Secretary-General António Guterres congratulated the winners, saying that they “provide tangible proof that climate action is under way around the world”.
“It is exciting to see these climate solutions, which reinforce my call for decisive leadership on climate change by Governments, businesses and cities, and for a green recovery from the COVID-19 pandemic”, stated the UN chief. “Let us keep pressing ahead to build a more sustainable and equitable future for all”.
As Governments work toward implementing the Paris Climate Change Agreement and the Sustainable Development Goals (SDGs), the awards are part of a wider effort to mobilize climate action and ambition.
They also set the stage for two upcoming climate change events. The Race To Zero Dialogues, from 9 to19 November, will serve as critical input to the UNFCCC Climate Dialogues to advance work governing the rules of the Paris Agreement, which runs from 23 November to 4 December.
The UN Global Climate Action Awards are spearheaded by the Momentum for Change initiative at UN Climate Change and each project presents an innovative solution that both addresses climate change and helps drive progress on other SDGs.
“It is crucial we celebrate all actors who are leading the way,” said Gabrielle Ginér, Chair of the Advisory Panel.
“The recipients of the UN Global Climate Action Awards send a strong political signal to all nations – and through their leadership and creativity, we see essential change”. The 2020 winning activities, selected by an international Advisory Panel, can be found here.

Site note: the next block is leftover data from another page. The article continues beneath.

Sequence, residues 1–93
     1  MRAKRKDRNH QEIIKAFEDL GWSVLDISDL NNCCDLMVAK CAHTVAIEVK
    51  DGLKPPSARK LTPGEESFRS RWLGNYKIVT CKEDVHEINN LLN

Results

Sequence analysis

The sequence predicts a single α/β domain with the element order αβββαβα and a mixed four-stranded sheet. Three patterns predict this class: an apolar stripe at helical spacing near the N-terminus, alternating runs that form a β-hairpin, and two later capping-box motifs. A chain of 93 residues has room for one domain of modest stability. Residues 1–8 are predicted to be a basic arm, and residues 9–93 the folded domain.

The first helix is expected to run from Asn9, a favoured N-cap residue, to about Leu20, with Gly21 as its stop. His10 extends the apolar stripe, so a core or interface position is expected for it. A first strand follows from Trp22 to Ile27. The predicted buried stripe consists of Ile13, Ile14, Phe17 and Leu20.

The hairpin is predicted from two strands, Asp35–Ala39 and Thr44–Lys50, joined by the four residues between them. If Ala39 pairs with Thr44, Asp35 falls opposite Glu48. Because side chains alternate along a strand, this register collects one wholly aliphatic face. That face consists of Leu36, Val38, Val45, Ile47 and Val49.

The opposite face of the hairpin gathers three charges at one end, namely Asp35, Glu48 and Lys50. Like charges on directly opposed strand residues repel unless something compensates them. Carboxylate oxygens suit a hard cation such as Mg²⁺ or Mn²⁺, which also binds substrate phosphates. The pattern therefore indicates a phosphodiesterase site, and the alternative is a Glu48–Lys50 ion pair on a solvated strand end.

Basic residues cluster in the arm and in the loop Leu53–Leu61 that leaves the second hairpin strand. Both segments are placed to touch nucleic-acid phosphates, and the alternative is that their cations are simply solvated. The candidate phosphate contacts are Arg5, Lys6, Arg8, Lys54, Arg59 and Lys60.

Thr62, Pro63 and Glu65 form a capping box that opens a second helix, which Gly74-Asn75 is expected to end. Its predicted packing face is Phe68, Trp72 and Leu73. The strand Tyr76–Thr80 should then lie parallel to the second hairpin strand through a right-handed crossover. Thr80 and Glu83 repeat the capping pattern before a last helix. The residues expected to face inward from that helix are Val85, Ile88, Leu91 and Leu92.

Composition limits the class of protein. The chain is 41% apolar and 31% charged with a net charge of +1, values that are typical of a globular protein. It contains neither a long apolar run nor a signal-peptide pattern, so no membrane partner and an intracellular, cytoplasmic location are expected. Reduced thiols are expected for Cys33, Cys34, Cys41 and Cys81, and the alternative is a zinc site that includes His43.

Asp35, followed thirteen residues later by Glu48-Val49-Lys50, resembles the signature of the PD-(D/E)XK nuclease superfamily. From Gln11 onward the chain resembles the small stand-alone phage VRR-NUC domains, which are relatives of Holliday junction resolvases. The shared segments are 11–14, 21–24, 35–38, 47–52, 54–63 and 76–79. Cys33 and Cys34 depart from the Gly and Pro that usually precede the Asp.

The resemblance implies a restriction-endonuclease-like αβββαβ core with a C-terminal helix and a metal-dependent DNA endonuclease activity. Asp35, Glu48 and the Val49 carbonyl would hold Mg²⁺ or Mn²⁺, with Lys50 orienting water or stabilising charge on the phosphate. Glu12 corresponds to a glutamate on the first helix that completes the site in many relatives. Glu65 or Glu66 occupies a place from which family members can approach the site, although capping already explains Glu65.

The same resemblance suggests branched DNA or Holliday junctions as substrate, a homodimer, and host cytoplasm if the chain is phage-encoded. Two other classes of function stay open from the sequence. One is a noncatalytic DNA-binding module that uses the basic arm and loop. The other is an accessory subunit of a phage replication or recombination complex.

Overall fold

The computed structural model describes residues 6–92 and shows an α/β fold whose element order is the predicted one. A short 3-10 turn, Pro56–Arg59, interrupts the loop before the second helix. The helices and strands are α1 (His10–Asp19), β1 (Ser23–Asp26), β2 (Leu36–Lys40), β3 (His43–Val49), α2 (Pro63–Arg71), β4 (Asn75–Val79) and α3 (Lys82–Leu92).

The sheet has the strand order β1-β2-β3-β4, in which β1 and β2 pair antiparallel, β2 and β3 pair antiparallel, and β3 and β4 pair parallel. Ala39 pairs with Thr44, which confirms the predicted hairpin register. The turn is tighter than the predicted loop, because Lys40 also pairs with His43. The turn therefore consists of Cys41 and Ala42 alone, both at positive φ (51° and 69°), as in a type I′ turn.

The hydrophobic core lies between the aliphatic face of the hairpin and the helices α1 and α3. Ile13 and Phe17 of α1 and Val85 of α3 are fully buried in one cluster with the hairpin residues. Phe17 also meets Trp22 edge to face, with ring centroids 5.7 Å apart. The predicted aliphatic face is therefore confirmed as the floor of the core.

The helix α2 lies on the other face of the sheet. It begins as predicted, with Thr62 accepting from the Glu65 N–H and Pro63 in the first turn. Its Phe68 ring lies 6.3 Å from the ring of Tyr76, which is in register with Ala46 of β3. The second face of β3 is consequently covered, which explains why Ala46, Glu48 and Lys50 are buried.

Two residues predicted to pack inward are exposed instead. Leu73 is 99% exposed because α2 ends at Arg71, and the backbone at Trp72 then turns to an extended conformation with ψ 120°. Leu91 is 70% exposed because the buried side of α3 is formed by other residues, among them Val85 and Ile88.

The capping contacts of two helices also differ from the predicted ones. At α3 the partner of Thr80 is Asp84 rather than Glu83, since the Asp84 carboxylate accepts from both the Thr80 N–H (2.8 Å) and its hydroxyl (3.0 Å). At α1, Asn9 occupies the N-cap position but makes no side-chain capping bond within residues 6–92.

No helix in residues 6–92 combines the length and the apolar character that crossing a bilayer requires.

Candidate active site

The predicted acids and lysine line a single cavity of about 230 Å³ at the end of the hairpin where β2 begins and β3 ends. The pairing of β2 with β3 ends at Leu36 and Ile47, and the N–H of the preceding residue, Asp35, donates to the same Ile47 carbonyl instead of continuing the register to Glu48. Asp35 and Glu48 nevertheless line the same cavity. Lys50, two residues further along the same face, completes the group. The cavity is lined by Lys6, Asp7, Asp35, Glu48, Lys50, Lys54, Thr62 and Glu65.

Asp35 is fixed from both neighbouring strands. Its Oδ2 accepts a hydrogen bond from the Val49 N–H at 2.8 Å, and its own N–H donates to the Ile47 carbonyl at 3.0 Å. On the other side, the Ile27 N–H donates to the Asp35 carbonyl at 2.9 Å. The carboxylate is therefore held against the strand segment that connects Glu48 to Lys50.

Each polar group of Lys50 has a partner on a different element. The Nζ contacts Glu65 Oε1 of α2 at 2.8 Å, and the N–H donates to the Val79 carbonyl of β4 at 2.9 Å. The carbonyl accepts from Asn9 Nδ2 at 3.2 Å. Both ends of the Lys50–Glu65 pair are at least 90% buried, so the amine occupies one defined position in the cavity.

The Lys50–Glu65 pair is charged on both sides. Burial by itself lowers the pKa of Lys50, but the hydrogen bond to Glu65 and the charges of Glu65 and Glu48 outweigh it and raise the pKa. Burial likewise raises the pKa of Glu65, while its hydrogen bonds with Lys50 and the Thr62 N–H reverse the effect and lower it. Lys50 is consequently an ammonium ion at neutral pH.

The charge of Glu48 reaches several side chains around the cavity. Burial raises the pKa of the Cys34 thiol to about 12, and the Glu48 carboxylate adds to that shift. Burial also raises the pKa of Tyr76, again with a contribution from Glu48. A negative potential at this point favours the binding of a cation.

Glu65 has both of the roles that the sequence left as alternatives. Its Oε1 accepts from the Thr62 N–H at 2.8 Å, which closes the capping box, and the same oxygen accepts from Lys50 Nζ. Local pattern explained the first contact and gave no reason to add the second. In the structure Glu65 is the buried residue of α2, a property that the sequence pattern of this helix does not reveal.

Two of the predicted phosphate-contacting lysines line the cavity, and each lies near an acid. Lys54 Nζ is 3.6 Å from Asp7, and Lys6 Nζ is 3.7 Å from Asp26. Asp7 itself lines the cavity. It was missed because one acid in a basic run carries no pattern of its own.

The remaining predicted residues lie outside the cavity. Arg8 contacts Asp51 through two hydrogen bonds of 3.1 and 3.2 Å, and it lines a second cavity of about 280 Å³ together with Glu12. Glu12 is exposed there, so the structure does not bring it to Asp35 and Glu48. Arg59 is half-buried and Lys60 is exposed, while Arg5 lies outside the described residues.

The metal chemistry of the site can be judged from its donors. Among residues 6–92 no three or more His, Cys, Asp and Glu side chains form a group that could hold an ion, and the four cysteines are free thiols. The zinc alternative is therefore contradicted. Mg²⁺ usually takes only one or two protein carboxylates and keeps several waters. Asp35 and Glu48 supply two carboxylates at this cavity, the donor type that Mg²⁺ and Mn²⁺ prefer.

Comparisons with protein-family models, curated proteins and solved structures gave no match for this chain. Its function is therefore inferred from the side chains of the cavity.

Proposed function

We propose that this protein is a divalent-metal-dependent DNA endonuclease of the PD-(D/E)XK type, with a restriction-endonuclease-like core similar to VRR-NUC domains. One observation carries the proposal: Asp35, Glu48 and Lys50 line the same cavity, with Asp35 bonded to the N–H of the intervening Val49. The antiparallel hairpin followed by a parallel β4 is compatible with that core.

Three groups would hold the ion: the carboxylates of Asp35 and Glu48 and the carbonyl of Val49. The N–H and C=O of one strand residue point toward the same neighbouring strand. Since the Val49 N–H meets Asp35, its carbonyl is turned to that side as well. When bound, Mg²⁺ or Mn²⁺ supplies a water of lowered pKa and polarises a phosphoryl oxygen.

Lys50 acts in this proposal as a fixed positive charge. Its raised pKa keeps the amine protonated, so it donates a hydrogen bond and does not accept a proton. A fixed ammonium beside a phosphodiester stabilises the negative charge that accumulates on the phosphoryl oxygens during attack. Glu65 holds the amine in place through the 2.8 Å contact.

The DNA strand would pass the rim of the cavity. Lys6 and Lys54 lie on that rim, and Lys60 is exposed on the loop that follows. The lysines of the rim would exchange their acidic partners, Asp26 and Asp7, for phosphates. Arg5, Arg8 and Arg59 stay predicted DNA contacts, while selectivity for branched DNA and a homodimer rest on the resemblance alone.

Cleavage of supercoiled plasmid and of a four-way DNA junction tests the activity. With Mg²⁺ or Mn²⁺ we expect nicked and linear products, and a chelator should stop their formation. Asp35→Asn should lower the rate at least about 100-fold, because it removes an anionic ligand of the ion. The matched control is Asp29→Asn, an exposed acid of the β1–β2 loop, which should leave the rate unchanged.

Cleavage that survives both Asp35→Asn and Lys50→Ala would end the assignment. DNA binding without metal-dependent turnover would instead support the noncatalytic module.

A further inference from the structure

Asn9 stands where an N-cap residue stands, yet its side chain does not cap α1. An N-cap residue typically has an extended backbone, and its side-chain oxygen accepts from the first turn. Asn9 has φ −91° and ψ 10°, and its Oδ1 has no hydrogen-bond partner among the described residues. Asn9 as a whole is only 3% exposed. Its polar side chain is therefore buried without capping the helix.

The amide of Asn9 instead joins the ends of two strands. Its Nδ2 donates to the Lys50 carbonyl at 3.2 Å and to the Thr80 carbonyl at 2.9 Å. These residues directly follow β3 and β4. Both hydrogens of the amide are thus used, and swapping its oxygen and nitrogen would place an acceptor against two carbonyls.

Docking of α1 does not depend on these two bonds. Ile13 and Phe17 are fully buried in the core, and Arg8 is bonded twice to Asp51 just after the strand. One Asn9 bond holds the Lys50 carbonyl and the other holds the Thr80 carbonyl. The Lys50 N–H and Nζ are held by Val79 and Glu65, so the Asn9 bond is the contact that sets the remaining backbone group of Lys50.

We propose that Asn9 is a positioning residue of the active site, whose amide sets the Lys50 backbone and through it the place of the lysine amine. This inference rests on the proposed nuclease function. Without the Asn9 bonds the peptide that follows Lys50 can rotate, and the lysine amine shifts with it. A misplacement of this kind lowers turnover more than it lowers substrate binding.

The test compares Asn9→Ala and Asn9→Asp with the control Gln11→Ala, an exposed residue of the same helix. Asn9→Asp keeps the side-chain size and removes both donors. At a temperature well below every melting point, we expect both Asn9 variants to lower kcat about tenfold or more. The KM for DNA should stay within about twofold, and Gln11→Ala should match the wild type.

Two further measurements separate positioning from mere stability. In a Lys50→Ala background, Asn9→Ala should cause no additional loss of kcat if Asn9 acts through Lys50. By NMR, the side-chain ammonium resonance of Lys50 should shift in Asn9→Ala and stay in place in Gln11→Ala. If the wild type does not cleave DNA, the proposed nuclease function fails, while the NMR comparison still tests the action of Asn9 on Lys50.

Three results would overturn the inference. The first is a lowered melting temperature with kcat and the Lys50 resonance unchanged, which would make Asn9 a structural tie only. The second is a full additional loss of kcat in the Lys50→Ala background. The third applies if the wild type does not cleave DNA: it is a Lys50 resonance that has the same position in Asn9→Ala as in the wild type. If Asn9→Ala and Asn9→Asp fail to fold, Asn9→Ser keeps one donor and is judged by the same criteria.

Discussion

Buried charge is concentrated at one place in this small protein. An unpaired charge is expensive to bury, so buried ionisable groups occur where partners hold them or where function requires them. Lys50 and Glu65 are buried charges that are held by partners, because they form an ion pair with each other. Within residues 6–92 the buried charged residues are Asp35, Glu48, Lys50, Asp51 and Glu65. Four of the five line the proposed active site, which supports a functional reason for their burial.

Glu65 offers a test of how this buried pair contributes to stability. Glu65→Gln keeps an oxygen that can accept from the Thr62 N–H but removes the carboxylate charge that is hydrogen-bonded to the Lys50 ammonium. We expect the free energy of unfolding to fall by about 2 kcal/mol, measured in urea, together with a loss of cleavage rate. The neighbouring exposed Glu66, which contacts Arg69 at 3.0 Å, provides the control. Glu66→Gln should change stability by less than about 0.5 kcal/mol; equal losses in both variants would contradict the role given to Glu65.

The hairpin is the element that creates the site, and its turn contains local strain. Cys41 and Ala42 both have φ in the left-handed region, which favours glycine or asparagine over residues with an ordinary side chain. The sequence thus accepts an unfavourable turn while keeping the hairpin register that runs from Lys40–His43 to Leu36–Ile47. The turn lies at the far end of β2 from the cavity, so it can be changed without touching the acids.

International organizations in the Armenian-Azerbaijani war must demonstrate a constructive position
Recent events in the Caucasus are in the spotlight of the whole world. For 30 years, the policy of aggression...
Millions affected as devastating typhoon strikes Viet Nam
A major typhoon has struck central Viet Nam, affecting millions of people – including about 2.5 million children – in...
Escaping the ‘Era of Pandemics’: Experts warn worse crises to come options offered to reduce risk
Future pandemics will emerge more often, spread more rapidly, do more damage to the world economy and kill more people...
Poland ‘slammed the door shut’ on legal and safe abortions
A group of UN independent human rights experts have denounced a court ruling in Poland that bans abortions on the...
2020 Climate Action Award winners shine ray of hope
In a year that has cast darkness upon many, the 2020 UN Global Climate Action Awards, announced on Tuesday, shone...
Sudan Normalize Ties with Israel: A “New Stab in the Back” For the Palestinians?
Less than three months President Donald J. Trump has brokered a peace agreement between Arab-Muslim nation and Israel. Sudan have...
The crisis of positivist, “evidence-based” political science in US
Right from its birth in the 18th century, the United States of America emerged as one of the most advanced...
Eastern Europe3 days ago
Armenia: Lies and realities
Defense3 days ago
How Mercenaries in Nagorno-Karabakh can destabilize the situation
Southeast Asia3 days ago
The Role of Malaysia in ASEAN
South Asia3 days ago
Kashmir Bleeds, International Community Sleeps
Middle East3 days ago
What is the public sphere today in Turkey?
Europe3 days ago
Taking For Granted … Be Wary
East Asia2 days ago
What prevents Japan from ratifying the recently assented Nuclear Ban Treaty?
Energy News3 days ago
Solutions to accelerate renewables integration and power system resilience